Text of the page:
As I’ve noted before, Andrew Steinmann has been remarkably prolific in recent years:
2008 – a 600 page commentary on Daniel
2009 – a 700 page commentary on Proverbs
2010 – a 600 page commentary on Ezra and Nehemiah
And now this year, 2011, he has brought out a 400 page book on biblical chronology. There is a lot of great stuff here, but what I want to highlight is what Steinmann says about the date of the exodus. I won’t repeat his whole argument, but in my view his discussion is a great summary of the reasons the late date of the exodus (1200′s BC) should be retired altogether.
Steinmann observes that the late date for the exodus:
“was popularized by William F. Albright in the 1930s. The primary motive for Albright’s theory was to harmonize the Exodus with archeological evidence from Palestine. In the decades since Albright’s death in 1971 most Palestinian archeologists and most critical scholars have abandoned this theory in favor of denying the historicity of the Exodus and conquest. Virtually all of the remaining adherents of a thirteenth century Exodus are evangelical scholars” (54).
Steinmann demonstrates how the late-date theory is unconvincing on 1 Kings 6:1 and Exodus 1:11, and, though the main impetus for the theory is archeological, even the archeological evidence for it is disputed.
The early date for the exodus, meanwhile, based on 1 Kings 6:1, fits naturally with Judges 11:26 and is confirmed by traditions from Jewish sources that shed light on the calculation of Jubilee years and Sabbatical cycles. Steinmann’s discussion of these matters is a great introduction to the Sabbatical cycles and the Jubilee years, and along the way it becomes apparent that the most natural explanation for this evidence is that the priests faithfully counted the Sabbatical and Jubilee cycles on the basis of Leviticus 25–27, texts that must have been in existence from “the late fifteenth century BC” (52–53).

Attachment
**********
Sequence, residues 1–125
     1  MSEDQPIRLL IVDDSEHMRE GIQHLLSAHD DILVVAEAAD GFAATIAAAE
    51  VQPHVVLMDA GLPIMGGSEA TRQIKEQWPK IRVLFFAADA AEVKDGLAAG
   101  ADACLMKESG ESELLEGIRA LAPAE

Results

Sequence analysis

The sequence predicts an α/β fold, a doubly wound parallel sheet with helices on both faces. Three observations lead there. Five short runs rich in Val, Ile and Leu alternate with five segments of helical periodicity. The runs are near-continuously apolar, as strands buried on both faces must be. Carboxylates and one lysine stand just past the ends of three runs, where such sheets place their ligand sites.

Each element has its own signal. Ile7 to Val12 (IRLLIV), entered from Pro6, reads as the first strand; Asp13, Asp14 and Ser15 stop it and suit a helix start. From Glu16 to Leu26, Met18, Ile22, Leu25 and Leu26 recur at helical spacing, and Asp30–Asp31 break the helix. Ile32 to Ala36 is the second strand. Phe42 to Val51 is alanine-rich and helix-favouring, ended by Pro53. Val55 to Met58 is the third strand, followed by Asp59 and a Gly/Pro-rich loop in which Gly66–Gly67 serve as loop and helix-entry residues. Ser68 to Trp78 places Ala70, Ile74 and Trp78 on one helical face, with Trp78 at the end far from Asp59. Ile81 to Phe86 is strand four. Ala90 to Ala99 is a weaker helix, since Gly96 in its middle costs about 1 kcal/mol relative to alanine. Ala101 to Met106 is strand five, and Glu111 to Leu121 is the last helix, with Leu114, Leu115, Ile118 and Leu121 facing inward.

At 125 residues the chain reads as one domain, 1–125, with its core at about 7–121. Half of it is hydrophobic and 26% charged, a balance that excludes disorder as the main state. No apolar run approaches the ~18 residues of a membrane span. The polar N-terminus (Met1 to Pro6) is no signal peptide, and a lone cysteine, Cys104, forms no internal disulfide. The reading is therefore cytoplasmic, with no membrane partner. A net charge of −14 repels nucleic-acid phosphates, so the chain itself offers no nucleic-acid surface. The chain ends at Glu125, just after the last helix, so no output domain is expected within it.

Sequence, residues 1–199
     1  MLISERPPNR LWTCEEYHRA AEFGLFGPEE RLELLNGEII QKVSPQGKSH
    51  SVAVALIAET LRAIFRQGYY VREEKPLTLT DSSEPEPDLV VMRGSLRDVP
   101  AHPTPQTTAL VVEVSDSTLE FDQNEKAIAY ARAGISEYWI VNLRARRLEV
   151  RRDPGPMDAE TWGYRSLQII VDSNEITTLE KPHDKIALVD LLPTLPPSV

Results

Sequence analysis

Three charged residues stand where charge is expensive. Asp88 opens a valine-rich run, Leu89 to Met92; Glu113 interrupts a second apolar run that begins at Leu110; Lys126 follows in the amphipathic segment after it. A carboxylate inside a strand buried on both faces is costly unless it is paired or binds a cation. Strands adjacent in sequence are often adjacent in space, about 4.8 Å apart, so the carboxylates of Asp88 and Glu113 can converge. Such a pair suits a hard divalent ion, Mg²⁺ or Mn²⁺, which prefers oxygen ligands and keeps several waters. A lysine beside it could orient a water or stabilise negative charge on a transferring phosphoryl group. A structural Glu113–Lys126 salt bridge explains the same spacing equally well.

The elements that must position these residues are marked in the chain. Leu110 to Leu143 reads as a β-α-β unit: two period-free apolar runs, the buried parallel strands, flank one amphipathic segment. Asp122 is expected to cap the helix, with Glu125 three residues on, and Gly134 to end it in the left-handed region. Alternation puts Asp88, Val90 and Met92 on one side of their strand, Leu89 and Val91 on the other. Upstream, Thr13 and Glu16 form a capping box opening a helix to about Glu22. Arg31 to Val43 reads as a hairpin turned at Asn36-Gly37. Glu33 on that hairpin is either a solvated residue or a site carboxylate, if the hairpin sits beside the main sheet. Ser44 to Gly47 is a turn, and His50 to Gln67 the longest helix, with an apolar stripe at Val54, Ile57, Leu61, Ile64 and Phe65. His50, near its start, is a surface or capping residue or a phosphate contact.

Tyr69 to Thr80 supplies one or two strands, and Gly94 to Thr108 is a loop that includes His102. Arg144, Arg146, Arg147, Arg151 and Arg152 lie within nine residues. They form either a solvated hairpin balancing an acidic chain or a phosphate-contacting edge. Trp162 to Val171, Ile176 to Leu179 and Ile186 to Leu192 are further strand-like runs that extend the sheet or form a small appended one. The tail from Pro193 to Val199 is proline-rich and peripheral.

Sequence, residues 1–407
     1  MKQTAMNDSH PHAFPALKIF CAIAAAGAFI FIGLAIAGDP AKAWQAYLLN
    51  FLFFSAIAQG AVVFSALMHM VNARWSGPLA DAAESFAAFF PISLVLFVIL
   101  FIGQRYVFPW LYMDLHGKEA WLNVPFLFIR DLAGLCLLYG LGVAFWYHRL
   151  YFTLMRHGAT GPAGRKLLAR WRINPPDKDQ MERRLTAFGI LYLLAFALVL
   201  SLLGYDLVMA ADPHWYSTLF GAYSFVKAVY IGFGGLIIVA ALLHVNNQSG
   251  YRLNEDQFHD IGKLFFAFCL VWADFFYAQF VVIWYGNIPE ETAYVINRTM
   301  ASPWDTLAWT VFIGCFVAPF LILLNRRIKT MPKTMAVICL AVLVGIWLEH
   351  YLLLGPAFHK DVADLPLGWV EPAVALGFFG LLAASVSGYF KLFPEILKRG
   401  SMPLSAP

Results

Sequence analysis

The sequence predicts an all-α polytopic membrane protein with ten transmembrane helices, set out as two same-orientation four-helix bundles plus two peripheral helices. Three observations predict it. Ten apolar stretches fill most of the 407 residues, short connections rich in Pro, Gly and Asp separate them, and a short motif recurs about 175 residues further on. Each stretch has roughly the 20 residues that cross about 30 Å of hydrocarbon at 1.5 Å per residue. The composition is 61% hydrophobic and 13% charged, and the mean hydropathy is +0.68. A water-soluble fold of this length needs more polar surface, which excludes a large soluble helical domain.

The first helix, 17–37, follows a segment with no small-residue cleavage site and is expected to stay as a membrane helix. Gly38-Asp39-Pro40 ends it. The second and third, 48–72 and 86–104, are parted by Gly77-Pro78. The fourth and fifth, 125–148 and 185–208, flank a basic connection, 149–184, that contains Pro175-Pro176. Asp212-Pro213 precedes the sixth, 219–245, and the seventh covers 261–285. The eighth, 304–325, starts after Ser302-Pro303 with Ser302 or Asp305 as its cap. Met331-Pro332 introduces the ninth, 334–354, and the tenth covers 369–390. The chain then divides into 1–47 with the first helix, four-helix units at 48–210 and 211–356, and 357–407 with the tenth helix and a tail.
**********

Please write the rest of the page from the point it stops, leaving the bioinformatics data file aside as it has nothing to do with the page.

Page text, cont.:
There is, of course, a lot of other valuable chronological information in this volume, and I expect to return to it often.
Steinmann’s approach at point after point confirms the veracity, historicity, and accuracy of what is recorded in the biblical text. He comes to the texts sympathetically and patiently sifts the evidence, seeking explanations that account for all the evidence. This is evangelical scholarship at its best.
My only regret about this book is its price! I don’t understand why this volume costs twice as much as comparable books do, and I hope the price does not prove prohibitive. From Abraham to Paul: A Biblical Chronology is a faithful, up to date discussion of what we can know about when these events in the Bible took place.